circle is always a rectangle/square. Only one common tangent is possible

6. Also, when a square or rectangle is inscribed in a (c) When two circles intersect.
circle, the diagonal of the square / rectangle is Two direct common tangents are possible.
equal to the diameter of the circle.
(d) When one circle is completely inside the other
7. Common Tangents for a pair of circles: without touching each other.
For the two circles with centres O1 and O2 and No common tangent is possible
radius r1 & r2
(e) When two circles are apart i.e. not touching
each other
P Q Two direct and two transverse tangents are
r1 r2 possible.
O1 O2
8. Alternate segment theorem:
R S Angle between any chord passing through the
tangent point and tangent is equal to the angle
subtended by the chord to any point on the other
C B side of circumference (alternate segment)

O1 O2 A
A D x C
PQ, RS are Direct common tangents & AB, CD
are Transverse common tangents.

ENIGMA
x
P B Q
Length of PQ or RS

= (distance between centres)2 – (r1 – r2 )2 9. Ptolmey’s theorem:


For a cyclic quadrilateral, the sum of products of
two pairs of opposite sides equals the product of
Length of AB or CD the diagonals

= (distance between centres)2 – (r1  r2 )2 D


A
(a) When two circles touch externally C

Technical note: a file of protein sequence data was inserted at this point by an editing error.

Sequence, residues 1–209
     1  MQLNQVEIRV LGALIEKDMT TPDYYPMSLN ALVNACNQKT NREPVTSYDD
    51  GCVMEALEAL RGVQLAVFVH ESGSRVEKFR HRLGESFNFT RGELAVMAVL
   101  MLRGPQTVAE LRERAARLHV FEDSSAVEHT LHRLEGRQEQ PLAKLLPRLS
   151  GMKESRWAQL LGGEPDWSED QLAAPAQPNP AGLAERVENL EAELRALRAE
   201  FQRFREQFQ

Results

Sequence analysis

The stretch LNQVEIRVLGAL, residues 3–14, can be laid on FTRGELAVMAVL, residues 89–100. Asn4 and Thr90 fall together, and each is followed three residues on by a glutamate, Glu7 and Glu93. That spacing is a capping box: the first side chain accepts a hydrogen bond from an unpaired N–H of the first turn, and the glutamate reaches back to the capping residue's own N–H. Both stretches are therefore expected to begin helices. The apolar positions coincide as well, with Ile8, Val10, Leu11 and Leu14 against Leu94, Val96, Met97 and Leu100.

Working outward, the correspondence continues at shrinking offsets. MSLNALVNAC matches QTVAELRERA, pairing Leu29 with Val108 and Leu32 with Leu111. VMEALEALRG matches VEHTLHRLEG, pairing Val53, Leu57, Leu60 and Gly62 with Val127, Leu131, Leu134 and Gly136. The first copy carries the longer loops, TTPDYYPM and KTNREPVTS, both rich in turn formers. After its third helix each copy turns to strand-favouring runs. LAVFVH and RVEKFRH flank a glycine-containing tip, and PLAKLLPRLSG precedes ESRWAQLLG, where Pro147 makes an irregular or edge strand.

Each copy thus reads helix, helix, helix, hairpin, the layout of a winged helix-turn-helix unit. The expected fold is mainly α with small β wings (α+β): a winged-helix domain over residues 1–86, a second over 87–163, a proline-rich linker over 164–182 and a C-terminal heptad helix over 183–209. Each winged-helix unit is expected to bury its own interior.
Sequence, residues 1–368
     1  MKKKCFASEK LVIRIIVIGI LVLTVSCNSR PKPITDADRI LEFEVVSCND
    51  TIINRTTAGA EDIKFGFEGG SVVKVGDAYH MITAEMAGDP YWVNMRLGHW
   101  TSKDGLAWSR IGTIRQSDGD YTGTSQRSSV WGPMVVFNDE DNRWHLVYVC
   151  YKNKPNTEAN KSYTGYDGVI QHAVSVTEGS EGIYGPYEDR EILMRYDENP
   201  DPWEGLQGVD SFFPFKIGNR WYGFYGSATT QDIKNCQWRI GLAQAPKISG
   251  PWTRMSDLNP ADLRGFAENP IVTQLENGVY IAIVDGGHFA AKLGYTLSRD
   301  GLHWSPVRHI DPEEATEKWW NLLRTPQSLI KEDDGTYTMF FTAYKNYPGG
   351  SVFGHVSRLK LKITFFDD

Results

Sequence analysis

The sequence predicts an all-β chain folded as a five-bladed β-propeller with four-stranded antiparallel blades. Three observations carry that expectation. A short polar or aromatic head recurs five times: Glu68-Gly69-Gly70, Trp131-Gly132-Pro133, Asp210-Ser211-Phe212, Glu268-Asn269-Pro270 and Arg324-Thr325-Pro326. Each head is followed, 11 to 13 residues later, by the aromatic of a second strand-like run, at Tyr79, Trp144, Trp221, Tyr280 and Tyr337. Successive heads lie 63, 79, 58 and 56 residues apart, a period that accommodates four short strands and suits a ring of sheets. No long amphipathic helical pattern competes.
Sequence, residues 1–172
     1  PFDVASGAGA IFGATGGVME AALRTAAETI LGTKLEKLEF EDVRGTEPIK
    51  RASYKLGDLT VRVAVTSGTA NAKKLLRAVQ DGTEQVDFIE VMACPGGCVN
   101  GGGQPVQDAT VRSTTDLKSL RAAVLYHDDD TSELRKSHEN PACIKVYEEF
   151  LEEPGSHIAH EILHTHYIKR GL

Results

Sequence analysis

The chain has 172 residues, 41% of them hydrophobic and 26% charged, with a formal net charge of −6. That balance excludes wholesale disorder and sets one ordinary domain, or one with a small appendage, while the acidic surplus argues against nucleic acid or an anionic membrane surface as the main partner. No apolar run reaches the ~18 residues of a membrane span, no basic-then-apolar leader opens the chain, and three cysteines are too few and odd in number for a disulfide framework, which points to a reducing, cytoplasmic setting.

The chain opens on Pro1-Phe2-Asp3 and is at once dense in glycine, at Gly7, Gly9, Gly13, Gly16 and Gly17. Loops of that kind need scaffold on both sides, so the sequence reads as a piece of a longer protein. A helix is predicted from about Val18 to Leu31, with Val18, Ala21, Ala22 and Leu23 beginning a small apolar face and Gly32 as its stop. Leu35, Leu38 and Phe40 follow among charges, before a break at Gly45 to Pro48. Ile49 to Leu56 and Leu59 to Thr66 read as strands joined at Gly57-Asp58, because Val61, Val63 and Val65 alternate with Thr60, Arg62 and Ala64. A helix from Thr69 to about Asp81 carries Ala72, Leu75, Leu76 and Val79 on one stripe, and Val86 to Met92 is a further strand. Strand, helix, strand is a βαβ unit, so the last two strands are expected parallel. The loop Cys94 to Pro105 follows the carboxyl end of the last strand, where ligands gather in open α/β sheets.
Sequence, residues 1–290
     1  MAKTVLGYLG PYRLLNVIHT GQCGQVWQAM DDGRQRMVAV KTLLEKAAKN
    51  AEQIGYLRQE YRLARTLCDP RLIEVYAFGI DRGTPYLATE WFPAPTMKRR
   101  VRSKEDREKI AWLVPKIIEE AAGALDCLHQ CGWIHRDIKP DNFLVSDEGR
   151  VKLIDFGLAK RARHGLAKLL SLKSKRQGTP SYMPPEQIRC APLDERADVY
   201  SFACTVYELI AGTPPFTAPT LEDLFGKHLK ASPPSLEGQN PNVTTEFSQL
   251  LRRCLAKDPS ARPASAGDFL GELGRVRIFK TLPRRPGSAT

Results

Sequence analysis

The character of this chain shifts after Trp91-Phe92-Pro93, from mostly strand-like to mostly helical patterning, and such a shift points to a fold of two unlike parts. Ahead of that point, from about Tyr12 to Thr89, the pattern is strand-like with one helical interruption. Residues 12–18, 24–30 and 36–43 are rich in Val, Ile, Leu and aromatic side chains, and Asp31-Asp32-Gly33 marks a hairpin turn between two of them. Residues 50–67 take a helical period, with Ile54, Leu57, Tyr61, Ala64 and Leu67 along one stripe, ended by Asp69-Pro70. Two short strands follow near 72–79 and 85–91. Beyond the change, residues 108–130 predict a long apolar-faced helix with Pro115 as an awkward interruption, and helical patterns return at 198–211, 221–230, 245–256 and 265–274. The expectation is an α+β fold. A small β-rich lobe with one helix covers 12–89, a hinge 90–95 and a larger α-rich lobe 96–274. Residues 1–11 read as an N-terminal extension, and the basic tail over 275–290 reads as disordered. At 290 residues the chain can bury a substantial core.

Distance between centres C1 C2 = r1 + r2 and
2 direct common tangents and one transverse B
common tangents are possible. AB × CD + BC × DA = AC × BD

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Mensuration
Two dimensional Figures

S.No. Name Figure Perimeter Area Nomenclature

a = Length
1. Rectangle b 2(a + b) ab
b = Breadth
a
a

2. Square a a 4a a2 a = Side

a
b is the base and
1 h is the altitude.
a c 1. b×h
3. Triangle h a + b + c = 2s 2 a, b, c are three
2. sides of 's is the
semiperimeter
b

Right angled d 1 d (hypotenuse)


4. h b+h+d bh
triangle 2 = b2 + h2
b
1 a = side
1. ah
Equilateral a a 2 h = Altitude
5. triangle h 3a
2. 3 a2 = 3 a.

ENIGMA
4 2
a

Isosceles d 1 2
6. right angled a 2a + d a
2 a = Each of equal
triangle sides.
a
a
a = Side
7. b b 2(a + b) ah b=
Parallelogram h
h=
a
a
d1 a=
a 1
8. Rhombus d2 a 4a d × d2
2 1
a
D C AC is one of its
h1 diagonals and h1, h2
h2 Sum of its 1
9. Quadrilateral (AC)(h1 + h2) are the altitudes on
four sides 2 AC from D, B
respectively.
A B
b a, b are parallel
sides and h is the
Sum of its 1 perpendicular
10. Trapezium h h(a + b)
four sides 2 distance between
parallel sides.
a

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S.No. Name Figure Perimeter Area Nomenclature